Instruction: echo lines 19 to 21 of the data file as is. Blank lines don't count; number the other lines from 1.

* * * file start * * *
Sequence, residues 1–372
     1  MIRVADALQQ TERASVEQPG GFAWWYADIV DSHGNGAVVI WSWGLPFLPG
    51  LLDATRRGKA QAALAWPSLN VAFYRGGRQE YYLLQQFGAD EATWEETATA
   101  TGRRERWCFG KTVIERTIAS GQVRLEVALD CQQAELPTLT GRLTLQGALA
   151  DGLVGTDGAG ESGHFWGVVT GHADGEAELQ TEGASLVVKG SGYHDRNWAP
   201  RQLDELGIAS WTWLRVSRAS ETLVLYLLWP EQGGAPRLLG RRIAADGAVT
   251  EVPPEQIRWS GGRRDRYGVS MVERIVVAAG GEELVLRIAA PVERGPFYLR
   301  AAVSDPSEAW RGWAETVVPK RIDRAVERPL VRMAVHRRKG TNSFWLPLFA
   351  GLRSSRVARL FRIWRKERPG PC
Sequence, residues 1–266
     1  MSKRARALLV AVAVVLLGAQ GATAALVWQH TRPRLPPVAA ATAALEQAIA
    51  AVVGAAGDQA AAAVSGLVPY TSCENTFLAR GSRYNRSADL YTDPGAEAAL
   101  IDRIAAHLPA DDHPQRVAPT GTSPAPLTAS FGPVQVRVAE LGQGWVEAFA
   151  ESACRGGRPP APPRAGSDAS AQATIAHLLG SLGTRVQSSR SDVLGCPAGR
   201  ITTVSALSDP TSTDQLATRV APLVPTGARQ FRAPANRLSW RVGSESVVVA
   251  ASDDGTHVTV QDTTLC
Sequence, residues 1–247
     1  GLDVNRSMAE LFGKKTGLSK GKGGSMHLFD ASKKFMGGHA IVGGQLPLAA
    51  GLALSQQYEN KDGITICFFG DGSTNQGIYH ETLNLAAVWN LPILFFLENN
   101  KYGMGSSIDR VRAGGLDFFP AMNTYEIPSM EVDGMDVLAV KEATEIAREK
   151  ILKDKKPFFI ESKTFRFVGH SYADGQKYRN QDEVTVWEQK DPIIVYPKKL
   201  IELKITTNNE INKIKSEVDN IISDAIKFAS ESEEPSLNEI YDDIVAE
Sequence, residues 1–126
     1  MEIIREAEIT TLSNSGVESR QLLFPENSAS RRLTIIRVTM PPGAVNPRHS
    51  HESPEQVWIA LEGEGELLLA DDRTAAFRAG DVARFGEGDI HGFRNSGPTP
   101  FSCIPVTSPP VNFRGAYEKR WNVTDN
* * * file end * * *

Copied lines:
    51  GLALSQQYEN KDGITICFFG DGSTNQGIYH ETLNLAAVWN LPILFFLENN
   101  KYGMGSSIDR VRAGGLDFFP AMNTYEIPSM EVDGMDVLAV KEATEIAREK
   151  ILKDKKPFFI ESKTFRFVGH SYADGQKYRN QDEVTVWEQK DPIIVYPKKL